London shul’s shabbat livestream interrupted by ‘vile abuse’
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London shul’s shabbat livestream interrupted by ‘vile abuse’

Messages, suspected to have been automated, peddled the antisemitic canard that Jews control the media

Screenshot of message allegedly sent to members of North Western Reform Synagogue
Screenshot of message allegedly sent to members of North Western Reform Synagogue

A north London shul’s online shabbat service was interrupted by a stream of “vile abuse,” a congregant told Jewish News.

The member of North Western Reform Synagogue in Alyth Gardens, who did not wish to be named, said on Monday: “It was incredibly upsetting to see such vile abuse during what was up until that point a really special and moving service for everyone involved.

“I am just so sad that whoever was responsible thought this was justified, adding to the anxiety and distress of people at what is already a really challenging time.”

The messages, suspected to have been automated, were allegedly sent to some 250 members who had tuned into the video conferencing platform Zoom last Friday evening for a Kabbalat shabbat service.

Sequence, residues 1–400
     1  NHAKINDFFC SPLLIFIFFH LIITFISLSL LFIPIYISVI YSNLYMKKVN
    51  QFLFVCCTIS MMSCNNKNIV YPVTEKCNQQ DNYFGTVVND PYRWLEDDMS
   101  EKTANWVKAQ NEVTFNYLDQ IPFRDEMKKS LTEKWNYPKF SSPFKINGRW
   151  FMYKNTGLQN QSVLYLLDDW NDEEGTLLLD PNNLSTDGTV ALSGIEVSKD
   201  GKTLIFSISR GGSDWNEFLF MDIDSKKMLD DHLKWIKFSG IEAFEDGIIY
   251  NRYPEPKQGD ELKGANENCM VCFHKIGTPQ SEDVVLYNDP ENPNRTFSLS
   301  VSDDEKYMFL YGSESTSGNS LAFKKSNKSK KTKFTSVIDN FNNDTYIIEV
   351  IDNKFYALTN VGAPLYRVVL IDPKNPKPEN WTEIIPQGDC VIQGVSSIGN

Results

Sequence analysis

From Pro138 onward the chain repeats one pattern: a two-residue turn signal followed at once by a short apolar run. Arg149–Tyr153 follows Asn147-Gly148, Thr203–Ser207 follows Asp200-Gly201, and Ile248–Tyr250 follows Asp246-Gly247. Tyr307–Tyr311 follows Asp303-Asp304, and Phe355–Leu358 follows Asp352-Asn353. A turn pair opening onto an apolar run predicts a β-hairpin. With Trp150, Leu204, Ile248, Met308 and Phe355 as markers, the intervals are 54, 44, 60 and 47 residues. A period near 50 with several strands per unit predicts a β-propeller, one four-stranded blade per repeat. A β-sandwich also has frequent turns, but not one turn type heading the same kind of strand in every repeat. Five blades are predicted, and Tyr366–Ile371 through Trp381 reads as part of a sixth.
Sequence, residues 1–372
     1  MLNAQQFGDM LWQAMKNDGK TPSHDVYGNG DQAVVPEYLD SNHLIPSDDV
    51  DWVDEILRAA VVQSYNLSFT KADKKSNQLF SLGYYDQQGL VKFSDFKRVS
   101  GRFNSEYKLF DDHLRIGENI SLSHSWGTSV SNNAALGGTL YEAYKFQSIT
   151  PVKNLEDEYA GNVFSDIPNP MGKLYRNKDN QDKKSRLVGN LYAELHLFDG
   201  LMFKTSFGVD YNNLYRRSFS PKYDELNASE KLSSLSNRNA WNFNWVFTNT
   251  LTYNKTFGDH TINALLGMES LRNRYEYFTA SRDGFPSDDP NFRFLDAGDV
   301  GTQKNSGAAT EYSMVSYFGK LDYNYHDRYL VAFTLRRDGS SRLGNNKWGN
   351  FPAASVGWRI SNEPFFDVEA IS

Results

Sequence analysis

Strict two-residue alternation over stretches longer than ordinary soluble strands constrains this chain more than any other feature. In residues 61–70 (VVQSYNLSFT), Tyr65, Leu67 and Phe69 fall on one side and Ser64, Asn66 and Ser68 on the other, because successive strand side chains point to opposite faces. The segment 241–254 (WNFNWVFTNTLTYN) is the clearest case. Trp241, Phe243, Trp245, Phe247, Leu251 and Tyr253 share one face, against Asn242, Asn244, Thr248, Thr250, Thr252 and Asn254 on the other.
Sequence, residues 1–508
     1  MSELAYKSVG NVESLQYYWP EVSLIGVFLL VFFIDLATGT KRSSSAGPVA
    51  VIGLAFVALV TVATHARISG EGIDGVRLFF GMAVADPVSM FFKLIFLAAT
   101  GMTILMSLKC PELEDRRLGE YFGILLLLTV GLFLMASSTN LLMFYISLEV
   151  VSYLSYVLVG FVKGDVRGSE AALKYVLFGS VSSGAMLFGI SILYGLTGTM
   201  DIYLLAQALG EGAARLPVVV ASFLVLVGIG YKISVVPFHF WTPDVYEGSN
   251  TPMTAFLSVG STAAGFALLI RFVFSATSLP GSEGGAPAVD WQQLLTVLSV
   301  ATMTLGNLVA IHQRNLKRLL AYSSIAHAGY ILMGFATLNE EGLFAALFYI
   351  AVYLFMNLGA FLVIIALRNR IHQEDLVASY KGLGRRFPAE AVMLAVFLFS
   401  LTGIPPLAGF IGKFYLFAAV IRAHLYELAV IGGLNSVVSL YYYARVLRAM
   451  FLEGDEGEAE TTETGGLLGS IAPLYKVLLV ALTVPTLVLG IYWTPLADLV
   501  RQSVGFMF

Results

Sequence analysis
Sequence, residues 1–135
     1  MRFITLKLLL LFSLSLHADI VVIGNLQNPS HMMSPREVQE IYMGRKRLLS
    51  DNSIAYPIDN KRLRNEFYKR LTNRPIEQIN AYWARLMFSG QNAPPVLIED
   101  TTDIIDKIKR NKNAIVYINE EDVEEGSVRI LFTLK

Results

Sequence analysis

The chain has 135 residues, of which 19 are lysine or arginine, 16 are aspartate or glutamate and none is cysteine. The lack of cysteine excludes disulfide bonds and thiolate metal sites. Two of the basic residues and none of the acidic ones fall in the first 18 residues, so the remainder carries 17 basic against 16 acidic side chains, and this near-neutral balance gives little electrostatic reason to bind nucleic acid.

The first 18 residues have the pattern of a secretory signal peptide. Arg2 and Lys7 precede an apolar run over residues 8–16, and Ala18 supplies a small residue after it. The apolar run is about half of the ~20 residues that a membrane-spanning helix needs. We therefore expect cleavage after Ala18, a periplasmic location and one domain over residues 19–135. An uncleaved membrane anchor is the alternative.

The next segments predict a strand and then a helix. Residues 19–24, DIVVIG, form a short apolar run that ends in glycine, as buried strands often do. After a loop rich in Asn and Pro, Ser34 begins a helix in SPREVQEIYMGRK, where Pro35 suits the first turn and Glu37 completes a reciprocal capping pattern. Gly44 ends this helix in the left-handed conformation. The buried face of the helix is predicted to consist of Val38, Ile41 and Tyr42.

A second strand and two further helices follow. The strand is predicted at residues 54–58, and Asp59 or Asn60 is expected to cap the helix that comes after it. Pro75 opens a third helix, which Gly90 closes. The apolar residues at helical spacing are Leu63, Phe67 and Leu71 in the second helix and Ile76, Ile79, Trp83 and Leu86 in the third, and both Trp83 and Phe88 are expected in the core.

Some messages allegedly peddled the antisemitic canard that Jews control the media while others contained the racist N-word.

A spokeswoman for the Metropolitan Police confirmed on Tuesday officers received reports of abusive messages being sent to people attending an online service held by a synagogue in Alyth Gardens in Barnet.

“The messages were sent during the service at approximately 18.50hrs. No arrests have been made. Enquiries continue. Anyone with information is asked to call 101,” she said.

Rabbi Josh Levy, who hosted the service, said on Monday:“The zoom-bombing of our Friday night service with abusive messages was an intrusive violation of our sacred space.  The incident has been reported to the CST and police, and we have taken steps to ensure that it will not be possible for anyone to interrupt our services like this in the future.

“One of the founding ideals of our community is that we should welcome those who wish to join us for prayer.  We will continue to do so as much as is possible during these challenging times. We recognise that many Jewish households are not members of synagogues, or are members of communities that are not able to offer online services.  We want to assure them that they are still welcome to pray and study with us.

“It is deeply upsetting that at such a difficult period we are faced with additional challenges like these.  We will be keeping the security of our online provision under review through the weeks ahead.”

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